In the midst of a particularly difficult holiday travel period, Southwest Airlines [NYSE: LUV] is apologizing to passengers for hassles associated with thousands of flight cancellations, the bulk of which the company attributed to poor weather.
Meanwhile Southwest’s pilots blame the airline’s “vastly outdated” software and mismanagement of scheduling and staffing. Many of the resulting problems, the Southwest Airlines Pilots Association said, could have been anticipated if executives had implemented remedies that pilots and other employees have suggested for years.
For passengers, there could be more challenges to come as the airline plans to operate only about a third of its usual flights for the next several days.
Scrutiny of Southwest’s operations has even reached the federal level, with the Department of Transportation looking into what many are calling a “meltdown” within the airline’s network.
“USDOT is concerned by Southwest’s unacceptable rate of cancellations and delays [and] reports of lack of prompt customer service. The Department will examine whether cancellations were controllable and if Southwest is complying with its customer service plan,” the agency tweeted last night.
The airline said tough times will continue for a while. “With consecutive days of extreme winter weather across our network behind us, continuing challenges are impacting our customers and employees in a significant way that is unacceptable. And our heartfelt apologies for this are just beginning,” Southwest said in a statement.
The company said it is repositioning aircraft and crews to better serve future flights but is also cutting its schedule for the next several days to roughly one third of its usual flights.
Pilots Blame Outdated Systems
“We are tired of apologizing for Southwest,” said pilot union vice president Michael Santoro in a CNN interview. He said last week’s stormy weather was a “catalyst” for the airline’s difficulties but placed much of the blame on a “vastly outdated” software system for managing schedules.
Unlike most airlines, which operate networks based on main airports called hubs and destination or “spoke” airports, Southwest uses a point-to-point model, which in theory offers more direct flights between cities instead of making connections through hubs. One potential problem with this arrangement is that crews can more easily wind up stranded without an aircraft unless scheduling is precise, the union said.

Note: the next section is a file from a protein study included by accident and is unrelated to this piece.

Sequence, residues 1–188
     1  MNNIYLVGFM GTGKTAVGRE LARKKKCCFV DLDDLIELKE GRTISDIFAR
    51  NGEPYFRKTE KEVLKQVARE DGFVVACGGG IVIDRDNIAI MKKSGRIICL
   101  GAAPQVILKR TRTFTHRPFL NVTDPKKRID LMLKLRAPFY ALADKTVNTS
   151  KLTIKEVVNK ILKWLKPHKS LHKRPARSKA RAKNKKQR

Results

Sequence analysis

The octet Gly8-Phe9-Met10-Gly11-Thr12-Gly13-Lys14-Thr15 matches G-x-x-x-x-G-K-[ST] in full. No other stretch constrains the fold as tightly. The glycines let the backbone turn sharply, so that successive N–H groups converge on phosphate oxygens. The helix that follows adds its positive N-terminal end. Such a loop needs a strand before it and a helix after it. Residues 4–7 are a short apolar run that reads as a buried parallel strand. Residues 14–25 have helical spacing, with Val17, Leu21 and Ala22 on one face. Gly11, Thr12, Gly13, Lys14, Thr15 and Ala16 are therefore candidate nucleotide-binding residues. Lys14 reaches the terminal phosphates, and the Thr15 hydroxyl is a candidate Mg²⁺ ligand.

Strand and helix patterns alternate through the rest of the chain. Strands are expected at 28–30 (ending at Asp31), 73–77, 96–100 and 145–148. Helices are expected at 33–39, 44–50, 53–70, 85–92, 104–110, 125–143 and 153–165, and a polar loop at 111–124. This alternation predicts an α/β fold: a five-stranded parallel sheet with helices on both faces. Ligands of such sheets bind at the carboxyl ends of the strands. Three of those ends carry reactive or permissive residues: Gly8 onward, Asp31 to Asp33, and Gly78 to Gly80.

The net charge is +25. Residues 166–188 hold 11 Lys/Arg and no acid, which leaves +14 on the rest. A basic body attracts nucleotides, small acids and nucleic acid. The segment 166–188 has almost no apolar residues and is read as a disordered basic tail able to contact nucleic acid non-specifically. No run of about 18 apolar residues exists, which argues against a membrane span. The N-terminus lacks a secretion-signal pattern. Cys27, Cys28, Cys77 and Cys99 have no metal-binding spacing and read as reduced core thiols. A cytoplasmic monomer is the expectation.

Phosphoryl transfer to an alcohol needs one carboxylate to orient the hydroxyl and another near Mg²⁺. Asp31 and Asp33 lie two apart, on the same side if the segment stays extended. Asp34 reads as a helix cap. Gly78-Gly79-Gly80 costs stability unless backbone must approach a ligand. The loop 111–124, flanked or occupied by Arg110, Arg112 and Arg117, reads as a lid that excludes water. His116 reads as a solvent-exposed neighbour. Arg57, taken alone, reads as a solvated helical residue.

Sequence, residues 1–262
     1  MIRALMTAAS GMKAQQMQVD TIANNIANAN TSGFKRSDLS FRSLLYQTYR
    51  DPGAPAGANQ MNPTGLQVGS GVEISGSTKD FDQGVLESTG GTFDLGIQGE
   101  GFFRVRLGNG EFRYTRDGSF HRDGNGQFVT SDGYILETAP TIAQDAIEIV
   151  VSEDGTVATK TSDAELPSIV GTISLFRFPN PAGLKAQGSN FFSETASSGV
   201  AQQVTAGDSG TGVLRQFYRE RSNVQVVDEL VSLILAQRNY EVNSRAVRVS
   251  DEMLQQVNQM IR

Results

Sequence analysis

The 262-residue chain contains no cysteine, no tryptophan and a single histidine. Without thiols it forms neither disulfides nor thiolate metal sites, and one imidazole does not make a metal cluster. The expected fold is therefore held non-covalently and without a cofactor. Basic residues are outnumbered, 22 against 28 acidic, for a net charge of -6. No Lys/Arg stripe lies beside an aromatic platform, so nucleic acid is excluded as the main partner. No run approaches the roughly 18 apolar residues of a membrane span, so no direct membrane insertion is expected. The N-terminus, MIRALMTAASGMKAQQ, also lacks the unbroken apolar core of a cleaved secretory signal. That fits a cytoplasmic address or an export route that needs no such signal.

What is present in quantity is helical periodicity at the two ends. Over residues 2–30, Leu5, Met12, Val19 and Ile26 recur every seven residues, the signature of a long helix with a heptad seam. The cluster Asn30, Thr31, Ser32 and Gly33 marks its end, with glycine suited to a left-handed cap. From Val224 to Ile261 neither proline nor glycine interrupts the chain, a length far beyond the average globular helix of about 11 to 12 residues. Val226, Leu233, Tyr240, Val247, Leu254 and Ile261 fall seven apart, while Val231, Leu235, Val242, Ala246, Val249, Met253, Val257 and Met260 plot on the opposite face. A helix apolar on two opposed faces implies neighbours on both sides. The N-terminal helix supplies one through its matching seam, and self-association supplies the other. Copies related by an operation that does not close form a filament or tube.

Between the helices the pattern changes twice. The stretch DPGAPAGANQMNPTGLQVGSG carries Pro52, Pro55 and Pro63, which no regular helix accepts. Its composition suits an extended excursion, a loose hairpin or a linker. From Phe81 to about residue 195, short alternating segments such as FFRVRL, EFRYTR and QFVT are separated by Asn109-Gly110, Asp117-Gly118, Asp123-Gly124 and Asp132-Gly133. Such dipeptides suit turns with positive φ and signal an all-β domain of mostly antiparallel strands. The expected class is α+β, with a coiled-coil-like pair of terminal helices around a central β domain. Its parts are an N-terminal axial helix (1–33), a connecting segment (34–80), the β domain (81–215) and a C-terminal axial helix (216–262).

Pilots also took to social media to share stories about the airline and how they feel it has changed, particularly as its focus has shifted, they say, from operations to finance and return on investment for shareholders.
“What happened to Southwest Airlines?” longtime pilot Larry Lonero asks at the opening of a post of Facebook. In the post he looks back on the decades-long leadership of former CEO Herb Kelleher, who focused on regularly engaged with employees. After he retired in 2004, financially oriented executives gradually took over and the operations side, Lonero said, began to suffer. He also said a long series of scheduling and staffing problems should have raised awareness among top company executives.
“A half dozen small scale meltdowns occurred during the mid to late 2010s. With each mini meltdown leadership continued to ignore the pleas and warnings of the employees in the trenches. We were still operating with 1990s technology. We didn’t have the tools we needed on the line to operate the sophisticated and large airline we had become,” Lonero said.
Southwest said it recognizes the difficulties passengers and staff members are experiencing and aims to correct its scheduling problems. “Our shared goal is to take care of every single customer with the hospitality and heart for which we’re known,” the company said. “On the other side of this, we’ll work to make things right for those we’ve let down, including our employees.”